• CNN Privileges Bogus Argument That Hagel Is Anti-Israel

    Blog ››› ››› ADAM SHAH

    CNN distorted former Republican Sen. Chuck Hagel's positions on potential U.S. negotiations with Hamas and sanctions on Iran to privilege the bogus argument that the senator is anti-Israel. In fact, Hagel's positions on these issues are not out of the mainstream and are not anti-Israel.

    During a report that President Obama is going to nominate Hagel to be secretary of defense, CNN host Zoraida Sambolin played a clip of Sen. Lindsay Graham (R-SC) saying that a Hagel nomination is an "in your face nomination by the president to all of us who are supportive of Israel." CNN foreign affairs correspondent Jill Dougherty followed up that clip by asserting that Hagel's critics "would question his devotion to anything that would help Israel. He, for instance, believes in talking to Hamas." Dougherty also highlighted the argument that Hagel's views on sanctions against Iran show that he is not sufficiently pro-Israel.

    But the position Hagel has taken on Hamas is well within the mainstream and the position he has taken on Iran is not an anti-Israel position, but part of his long-held view that unilateral sanctions do not work. Furthermore, Hagel is supported by high-profile pro-Israel commentators.

    Regarding Hamas, in 2009, Hagel co-signed a bipartisan letter suggesting steps the United States could take to achieve peace between Israel and the Palestinians. One of the recommendations in the letter was that the United States should take "a more pragmatic approach toward Hamas and a Palestinian unity government." The United States has a policy of not negotiating with Hamas, which won Palestinian legislative elections in 2006 and is the de facto ruler of the Gaza Strip, due to its support of terrorism.

    The letter stated: "Direct U.S. engagement with Hamas may not now be practical." But it added that Israel has acknowledged Hamas "is simply too important and powerful to be ignored." It recommended that the United States shift its policy "from ousting Hamas to modifying its behavior, offer it inducements that will enable its more moderate elements to prevail, and cease discouraging third parties from engaging with Hamas."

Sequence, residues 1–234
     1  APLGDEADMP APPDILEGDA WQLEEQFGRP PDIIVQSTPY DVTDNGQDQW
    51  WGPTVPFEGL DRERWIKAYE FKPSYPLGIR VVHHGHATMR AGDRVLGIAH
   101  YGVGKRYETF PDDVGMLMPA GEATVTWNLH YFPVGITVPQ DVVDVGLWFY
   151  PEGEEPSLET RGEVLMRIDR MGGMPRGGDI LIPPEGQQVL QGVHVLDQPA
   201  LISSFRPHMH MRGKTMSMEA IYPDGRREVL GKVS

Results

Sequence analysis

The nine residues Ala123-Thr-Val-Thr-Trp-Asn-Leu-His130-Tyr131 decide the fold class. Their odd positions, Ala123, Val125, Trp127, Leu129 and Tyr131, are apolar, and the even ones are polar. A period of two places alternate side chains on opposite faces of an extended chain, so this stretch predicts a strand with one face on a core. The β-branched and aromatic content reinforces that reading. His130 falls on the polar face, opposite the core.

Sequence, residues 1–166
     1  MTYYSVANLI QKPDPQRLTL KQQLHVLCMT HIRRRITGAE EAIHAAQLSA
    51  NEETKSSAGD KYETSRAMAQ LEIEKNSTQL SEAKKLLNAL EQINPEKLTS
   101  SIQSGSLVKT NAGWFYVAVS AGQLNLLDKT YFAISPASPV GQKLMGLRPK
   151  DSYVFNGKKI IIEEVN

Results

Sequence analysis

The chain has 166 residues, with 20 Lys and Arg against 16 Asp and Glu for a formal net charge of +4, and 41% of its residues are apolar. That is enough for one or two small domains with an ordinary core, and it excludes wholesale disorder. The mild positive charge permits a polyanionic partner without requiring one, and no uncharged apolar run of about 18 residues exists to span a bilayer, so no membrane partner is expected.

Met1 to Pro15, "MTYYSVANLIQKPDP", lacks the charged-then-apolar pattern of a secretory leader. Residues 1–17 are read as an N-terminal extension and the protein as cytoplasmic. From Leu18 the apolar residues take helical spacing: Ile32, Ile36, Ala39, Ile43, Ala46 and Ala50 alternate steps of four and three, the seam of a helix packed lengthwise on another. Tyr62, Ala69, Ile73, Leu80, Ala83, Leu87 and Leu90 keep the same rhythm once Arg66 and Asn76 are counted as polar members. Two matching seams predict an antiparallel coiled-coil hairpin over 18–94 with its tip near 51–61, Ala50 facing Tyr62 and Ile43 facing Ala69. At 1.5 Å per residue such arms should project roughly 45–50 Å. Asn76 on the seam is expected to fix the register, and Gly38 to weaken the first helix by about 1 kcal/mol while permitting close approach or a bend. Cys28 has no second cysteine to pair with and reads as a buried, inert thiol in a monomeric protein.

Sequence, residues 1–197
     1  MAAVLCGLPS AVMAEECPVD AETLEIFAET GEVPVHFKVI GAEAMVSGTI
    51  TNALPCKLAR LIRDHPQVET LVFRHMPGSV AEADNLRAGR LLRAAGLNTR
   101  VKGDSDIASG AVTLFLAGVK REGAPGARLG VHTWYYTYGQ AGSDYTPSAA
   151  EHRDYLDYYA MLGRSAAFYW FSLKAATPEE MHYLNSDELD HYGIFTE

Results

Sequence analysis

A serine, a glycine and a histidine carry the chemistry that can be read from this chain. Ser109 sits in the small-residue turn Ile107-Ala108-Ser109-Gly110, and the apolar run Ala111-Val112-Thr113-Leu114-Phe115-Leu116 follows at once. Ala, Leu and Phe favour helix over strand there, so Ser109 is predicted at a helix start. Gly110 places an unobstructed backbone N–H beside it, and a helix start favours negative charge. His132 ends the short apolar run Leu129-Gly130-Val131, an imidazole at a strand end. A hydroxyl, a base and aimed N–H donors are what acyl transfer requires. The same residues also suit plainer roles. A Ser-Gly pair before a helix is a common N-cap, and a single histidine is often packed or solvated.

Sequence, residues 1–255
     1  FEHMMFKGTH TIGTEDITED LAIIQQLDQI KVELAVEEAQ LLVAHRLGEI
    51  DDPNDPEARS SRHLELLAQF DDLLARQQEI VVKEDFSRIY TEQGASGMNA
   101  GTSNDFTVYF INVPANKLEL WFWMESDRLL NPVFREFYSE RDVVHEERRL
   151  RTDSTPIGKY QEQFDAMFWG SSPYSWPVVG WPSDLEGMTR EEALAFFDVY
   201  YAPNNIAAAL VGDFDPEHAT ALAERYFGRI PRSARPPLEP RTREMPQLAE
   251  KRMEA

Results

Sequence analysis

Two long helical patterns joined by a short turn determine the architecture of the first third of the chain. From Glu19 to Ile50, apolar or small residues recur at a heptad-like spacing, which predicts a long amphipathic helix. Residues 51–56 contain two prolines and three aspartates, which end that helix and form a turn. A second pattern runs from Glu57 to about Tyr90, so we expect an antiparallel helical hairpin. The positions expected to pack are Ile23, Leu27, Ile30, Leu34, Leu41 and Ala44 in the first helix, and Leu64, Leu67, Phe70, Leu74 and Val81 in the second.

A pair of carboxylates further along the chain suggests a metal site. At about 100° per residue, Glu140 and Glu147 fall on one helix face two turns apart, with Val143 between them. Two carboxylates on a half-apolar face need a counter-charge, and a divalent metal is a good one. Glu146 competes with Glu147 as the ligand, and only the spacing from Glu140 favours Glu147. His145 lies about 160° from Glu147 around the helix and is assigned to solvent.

This is far from an extreme or anti-Israel position. The letter was co-signed by two former U.S. National Security Advisers, Zbigniew Brezinski, who served in the Carter administration and Brent Scowcroft, who served in the Ford, George H.W. Bush, and George W. Bush administrations. Other signers include former Sen. Nancy Kassebaum-Baker (R-KS), former 9/11 Commission co-chair Lee Hamilton, and former Federal Reserve chair Paul Volcker. New York Times columnist Roger Cohen also endorsed the position on Hamas taken by the letter.

    Furthermore, the Israeli government itself has said it is willing to talk to Hamas under certain conditions. The Jerusalem Post reported that Israeli President Shimon Peres said that "Israel would be willing to talk to Hamas, if Hamas complied with the three conditions set down by the Mideast Quartet, namely renunciation of terrorism, recognition of Israel and willingness to negotiate with Israel." The Post also reported: "There's nothing wrong with talking to Hamas, Peres clarified, but Hamas won't talk to Israel."